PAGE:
Uncovering Mysteries of Trauma and EMDR

Eye Movement Desensitization and Reprocessing (EMDR) is an 8-phase, evidence-based treatment for trauma. In order to understand the function of EMDR, it is helpful to understand what is trauma. The Substance Abuse and Mental Health Services Administration (SAMHSA) describes trauma as “events or circumstances experienced by an individual as physically or emotionally harmful or life threatening, which result in adverse effects on the individual’s functioning and well-being.” One of the simplest, working definitions of trauma I have come across is that trauma is any experience or event that is too much, too soon or too fast for our nervous system to handle, especially if we can’t reach a successful resolution. Trauma does not reside in a specific event or experience, but rather in the physiological response within the nervous system. Working within this definition of trauma, it is easy to see how trauma can put individuals  at a greater risk for health-risk behaviors and chronic health conditions later in life, though few people realize there is a connection.  Health-risk behaviors and how those impact our lives, as well as somatic symptoms associated with trauma are typically what brings people to therapy.

The EMDR approach to treatment of trauma believes past emotionally charged experiences and their impact on our central nervous system, are overly influencing your present emotions, sensations, and thoughts about yourself. EMDR processing helps to break through the emotional blocks that prevent people from living adaptive and emotionally healthy lives. Additionally, allowing our bodies and minds to retrieve and “reprocess” these events, which we were not able to do before, i.e., “too much, too soon, too fast,” Another way I like to explain this process is like retrieving an old misplaced file from the hard drive, editing and saving it in a new location.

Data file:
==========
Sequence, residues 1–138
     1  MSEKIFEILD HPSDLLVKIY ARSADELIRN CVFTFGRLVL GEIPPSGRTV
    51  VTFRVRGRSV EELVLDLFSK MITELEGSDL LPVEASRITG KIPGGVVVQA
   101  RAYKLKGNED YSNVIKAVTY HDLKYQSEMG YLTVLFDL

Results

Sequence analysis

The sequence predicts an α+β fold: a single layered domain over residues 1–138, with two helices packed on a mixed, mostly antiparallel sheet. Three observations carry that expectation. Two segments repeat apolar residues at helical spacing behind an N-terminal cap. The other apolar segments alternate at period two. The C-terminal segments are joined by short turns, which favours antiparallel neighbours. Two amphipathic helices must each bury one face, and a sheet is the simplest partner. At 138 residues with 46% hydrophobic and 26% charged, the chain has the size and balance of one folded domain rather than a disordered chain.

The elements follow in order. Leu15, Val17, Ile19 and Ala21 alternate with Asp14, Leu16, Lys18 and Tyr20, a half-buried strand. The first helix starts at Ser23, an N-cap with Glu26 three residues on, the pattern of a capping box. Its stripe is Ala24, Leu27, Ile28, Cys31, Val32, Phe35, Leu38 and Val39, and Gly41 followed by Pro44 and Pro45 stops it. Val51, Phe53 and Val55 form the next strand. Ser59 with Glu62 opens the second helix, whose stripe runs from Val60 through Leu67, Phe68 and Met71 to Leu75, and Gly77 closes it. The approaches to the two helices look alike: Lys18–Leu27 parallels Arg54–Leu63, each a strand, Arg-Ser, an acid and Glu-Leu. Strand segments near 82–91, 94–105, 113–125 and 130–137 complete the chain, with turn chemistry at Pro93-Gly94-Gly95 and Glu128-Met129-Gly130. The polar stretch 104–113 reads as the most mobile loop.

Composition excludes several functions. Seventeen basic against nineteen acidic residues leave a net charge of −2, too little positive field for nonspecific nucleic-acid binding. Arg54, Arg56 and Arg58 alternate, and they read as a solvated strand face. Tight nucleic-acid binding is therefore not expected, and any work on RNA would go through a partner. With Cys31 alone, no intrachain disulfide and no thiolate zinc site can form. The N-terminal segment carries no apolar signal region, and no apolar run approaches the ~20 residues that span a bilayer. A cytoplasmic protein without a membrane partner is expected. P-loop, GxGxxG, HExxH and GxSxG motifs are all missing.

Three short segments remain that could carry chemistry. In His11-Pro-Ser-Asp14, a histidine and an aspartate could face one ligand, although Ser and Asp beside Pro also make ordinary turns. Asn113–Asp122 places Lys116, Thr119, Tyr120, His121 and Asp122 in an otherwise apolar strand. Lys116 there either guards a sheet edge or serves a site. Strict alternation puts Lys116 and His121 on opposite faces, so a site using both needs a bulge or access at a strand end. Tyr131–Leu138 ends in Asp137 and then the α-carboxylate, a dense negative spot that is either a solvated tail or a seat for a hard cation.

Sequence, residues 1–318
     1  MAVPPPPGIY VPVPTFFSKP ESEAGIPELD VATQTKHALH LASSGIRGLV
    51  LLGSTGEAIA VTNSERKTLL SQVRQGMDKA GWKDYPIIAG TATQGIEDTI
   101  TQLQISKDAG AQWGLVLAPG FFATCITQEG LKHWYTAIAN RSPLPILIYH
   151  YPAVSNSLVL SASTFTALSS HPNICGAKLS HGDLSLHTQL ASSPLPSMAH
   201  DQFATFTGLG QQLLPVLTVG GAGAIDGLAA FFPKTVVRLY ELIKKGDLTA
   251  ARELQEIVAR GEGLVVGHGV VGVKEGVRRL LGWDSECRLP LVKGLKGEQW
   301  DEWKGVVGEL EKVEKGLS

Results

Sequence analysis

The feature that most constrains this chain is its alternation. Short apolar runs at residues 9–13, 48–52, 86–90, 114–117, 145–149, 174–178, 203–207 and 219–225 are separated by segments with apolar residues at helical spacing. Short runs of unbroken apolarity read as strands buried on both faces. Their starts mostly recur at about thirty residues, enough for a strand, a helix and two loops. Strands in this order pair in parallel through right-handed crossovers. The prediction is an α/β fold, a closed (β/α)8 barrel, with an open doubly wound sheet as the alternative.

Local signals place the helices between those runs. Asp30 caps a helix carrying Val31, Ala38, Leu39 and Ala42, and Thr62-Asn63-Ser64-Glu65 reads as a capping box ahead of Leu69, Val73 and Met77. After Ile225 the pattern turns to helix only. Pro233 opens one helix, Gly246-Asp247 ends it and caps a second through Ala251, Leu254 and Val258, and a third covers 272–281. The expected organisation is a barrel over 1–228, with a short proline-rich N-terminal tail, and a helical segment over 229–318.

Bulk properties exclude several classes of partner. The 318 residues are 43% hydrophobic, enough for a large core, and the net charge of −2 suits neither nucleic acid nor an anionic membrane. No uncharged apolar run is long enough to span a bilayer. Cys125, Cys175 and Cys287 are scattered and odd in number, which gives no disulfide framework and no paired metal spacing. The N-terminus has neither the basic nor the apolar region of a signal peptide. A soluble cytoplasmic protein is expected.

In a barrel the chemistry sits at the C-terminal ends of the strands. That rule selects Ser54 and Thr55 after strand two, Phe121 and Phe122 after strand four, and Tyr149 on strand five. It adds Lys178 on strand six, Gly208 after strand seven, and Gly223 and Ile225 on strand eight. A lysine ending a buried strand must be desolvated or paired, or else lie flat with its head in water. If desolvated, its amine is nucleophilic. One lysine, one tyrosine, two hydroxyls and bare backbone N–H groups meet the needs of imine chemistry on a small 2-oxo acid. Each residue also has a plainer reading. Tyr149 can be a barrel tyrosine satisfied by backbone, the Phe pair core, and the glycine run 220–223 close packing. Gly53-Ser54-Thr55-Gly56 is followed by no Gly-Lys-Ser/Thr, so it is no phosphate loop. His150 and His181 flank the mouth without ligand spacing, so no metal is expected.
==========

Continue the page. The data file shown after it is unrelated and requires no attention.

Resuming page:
So how on earth is that possible, you might ask? Well, our brains already possess the tools for this job. It’s called Rapid Eye Movement, otherwise known as REM. When we go to sleep, we (ideally) fall into what we call REM sleep. For someone with a sleep disorder, they are likely not getting much of this. This is the stage of sleep that allows our brains to process the input from the day. REM sleep is essential for our health. EMDR essentially replicates this rapid eye movement through a process called bi-lateral stimulation. This can be achieved by either tracking the clinicians’ fingers in a swift, left-right pattern for a certain number of “sets,” or it can be achieved through tactile stimulation by holding a small vibrating device, that we call “tappers”, in each hand. The tappers alternate in the same left-right sequence. A third option is auditory, which involves binaural tones heard through headphones. All methods are effective, and it is based on client preference as well as to which the clinician will use. Some clients who suffer from migraines may find that finger tracking causes strain on the eyes and can possibly trigger a headache. In cases such as this, one of the other methods would be best.

One thing that many clients like about EMDR, is that it is not necessary to talk about all the details of your experiences with the clinician for them to be processed. All that is required is for the client to think about the experience or event. This process essentially fires up the affected neural networks in the brain that we have triggered. Once processing is complete, the client’s recollection is NOT erased, but is experienced differently. Instead of reliving the experience, with all its intensity, it loses the emotional and physical charge. Our brains have essentially “digested” it.  I like to compare it to looking at the event out the window of a train and just watching it pass by without the mental or physical impact that use to accompany such recollection.

Helpful resources

If you are interested in learning more about EMDR or would like to schedule an appointment, reach out through the contact page or call our office.

This article was written by Tonya Nowlin, MA, LPC. To learn more about Tonya please visit her bio.

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